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Ted Lasso, Nate, & the Importance of Forgiveness

Ted Lasso, Nate Shelley

Ted Lasso, Nate, & the Importance of Forgiveness

Warning: This article goes into heavy spoilers for both seasons of Ted Lasso, as it discusses characters and moments that spoil the entire story of the both season. If you want to experience the show’s narrative for yourself, come back after you’ve seen both seasons.

The second season of Ted Lasso finished up just last week, and many (myself included) are still fuming regarding one character’s actions at the end of the episode. After a season of passive-aggressiveness, Nate Shelley finally snapped. 

Yes, the mild-mannered, polite former kit man that Ted meets in season 1 is no more, as Nate-the-Great has turned into a Nate-we-Hate. In the episode, Nate goes on a tirade against Ted, calling him a loser and undeserving of being coach, tearing up the Believe sign, and leaving to go coach West Ham United under Rupert, Rebecca’s manipulative, cheating ex-husband and former owner of AFC Richmond.

Any one of these actions would have been hard enough to bear on their own, but together, they’re heartbreaking. While shy and quiet, Nate was always a nice guy that we rooted for in the first season, as it was great to see him come out of his shell under Ted’s tutelage. 

As heartbreaking as his actions are, though, Nate’s descent into villainy has been really well executed. Actor Nick Mohammed has done a fantastic job of subtly and physically displaying his frustration throughout the entire season.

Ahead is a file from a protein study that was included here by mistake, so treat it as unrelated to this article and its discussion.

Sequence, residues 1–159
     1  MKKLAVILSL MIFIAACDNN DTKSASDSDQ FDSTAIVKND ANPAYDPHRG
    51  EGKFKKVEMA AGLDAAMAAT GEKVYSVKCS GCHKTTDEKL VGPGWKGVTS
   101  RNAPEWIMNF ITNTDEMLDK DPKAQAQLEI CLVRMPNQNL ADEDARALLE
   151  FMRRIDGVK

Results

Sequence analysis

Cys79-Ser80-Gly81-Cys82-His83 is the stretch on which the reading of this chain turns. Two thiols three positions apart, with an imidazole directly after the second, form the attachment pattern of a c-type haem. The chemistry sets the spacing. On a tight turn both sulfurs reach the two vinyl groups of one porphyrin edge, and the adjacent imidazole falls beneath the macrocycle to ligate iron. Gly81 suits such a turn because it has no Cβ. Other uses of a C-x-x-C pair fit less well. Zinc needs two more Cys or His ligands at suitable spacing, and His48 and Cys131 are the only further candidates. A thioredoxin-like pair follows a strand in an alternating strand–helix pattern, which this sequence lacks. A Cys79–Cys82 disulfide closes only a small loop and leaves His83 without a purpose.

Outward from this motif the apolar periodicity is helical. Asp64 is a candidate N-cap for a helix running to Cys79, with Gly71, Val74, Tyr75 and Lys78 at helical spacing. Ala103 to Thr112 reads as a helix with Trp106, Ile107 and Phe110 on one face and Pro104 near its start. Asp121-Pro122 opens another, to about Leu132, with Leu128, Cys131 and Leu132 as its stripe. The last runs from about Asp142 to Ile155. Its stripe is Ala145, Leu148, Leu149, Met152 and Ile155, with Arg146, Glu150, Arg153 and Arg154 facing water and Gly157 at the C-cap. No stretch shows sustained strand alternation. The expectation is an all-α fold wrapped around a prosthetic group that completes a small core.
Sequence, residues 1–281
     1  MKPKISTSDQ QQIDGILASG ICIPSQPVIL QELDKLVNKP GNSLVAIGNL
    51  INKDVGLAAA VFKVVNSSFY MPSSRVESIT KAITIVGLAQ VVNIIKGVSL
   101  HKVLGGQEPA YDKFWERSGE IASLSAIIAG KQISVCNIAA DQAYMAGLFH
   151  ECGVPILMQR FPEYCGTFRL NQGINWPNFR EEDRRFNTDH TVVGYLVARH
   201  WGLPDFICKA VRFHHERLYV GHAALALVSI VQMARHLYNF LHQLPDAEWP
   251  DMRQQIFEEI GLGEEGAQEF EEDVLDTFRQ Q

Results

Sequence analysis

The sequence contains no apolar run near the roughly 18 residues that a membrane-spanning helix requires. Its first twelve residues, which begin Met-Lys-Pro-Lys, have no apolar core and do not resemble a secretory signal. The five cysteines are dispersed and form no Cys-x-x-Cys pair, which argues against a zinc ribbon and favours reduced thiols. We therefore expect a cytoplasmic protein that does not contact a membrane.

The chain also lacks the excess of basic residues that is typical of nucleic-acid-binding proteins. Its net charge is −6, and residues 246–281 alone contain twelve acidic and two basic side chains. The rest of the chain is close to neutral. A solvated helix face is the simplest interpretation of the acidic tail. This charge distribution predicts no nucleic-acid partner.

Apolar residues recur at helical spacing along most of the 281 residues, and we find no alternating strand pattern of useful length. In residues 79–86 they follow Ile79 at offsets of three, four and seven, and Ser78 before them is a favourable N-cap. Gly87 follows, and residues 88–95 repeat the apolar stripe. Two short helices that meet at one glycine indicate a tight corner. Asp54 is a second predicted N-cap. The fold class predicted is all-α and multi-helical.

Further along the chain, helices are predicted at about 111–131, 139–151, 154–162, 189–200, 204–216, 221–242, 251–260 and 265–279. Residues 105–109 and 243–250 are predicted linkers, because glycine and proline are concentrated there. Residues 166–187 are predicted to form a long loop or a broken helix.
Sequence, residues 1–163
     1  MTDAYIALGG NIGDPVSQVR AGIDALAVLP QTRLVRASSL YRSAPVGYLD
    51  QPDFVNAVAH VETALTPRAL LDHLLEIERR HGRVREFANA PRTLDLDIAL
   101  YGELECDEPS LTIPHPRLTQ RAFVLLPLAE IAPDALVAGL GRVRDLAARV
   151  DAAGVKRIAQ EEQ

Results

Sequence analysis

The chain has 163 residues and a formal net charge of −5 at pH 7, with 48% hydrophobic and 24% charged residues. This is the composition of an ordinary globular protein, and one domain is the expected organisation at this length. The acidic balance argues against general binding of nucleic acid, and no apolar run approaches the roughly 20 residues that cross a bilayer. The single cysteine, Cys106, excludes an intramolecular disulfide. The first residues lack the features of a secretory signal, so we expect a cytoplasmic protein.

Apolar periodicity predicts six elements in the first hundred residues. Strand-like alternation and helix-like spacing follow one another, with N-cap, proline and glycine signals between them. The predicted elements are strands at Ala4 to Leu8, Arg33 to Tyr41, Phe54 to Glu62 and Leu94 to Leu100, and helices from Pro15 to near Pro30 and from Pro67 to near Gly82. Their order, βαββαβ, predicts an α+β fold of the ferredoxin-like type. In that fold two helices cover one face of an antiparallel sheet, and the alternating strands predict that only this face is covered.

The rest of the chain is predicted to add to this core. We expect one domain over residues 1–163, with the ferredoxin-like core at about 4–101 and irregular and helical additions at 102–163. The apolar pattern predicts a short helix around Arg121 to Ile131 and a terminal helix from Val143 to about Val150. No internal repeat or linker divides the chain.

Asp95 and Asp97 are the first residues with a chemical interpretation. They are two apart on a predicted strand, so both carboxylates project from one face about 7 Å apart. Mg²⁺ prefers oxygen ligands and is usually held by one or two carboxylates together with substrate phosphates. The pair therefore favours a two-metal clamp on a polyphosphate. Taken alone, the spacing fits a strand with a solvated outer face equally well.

Alongside facial expressions and body language, it was clear by Nate’s actions in season 2 that he was becoming a different person. He’s seen spitting in mirrors, making snide remarks, and bullying Will Kitman, all actions that are completely out-of-character. 

Ted Lasso, Will Kitman, Nate Shelley

He even went as far as to consistently change his hair throughout the season, adding in flecks of grey that progressed alongside’s Nate’s personality change in each episode. According to Mohammed, the visual change was purposeful:

“In the way that bitterness, guilt, shame, and stress can often change someone’s appearance, they thought it would be fun to track Nate’s spiral in this way. In my head, Nate was transforming into [Former Manchester United & Tottenham Hotspurs Coach] Jose Mourinho. 

As a Manchester United fan, I wholeheartedly understood this, as Mourinho is known for blaming his players and their tactics instead of taking responsibility for his actions, just like Nate this season. 

Yet, while fans may hate Nate right now, I believe that redemption is still possible. In fact, I think this entire situation is all building up to a fall and redemption arc for his character next season that centers around one of Ted Lasso’s key themes: Forgiveness. 

So far in Ted Lasso, we’ve seen a lot of pretty hard subject matters tackled, despite the fact that the show is a comedy about soccer. Parental issues, divorce, suicide, and a lot more have taken center stage, with characters like Rebecca, Ted, and Jamie needing to confront these difficulties head-on. 

In just about every one of those situations, we’ve seen the characters overcome these difficulties by talking about them and doing their best to apologize or forgive whoever is involved. 

For Rebecca, she’s had to forgive her mother, and to an extent her father, for the issues they had with their marriage. Jamie also had to forgive himself for not being the perfect child his father always wanted, which led to him becoming a better person and the team forgiving his actions. Lastly, Ted, the happy-go-lucky man with lots of trauma buried deep below a smile, had to forgive more than anyone in the show. 

Whether it was Rebecca for hiring him the way she did, his wife for divorcing him, or his father for committing suicide, the Richmond head coach has done a lot of forgiving in order to work on his own issues. Alongside this, we’ve also seen other characters grow from expressing their feelings, even if it makes them feel uncomfortable.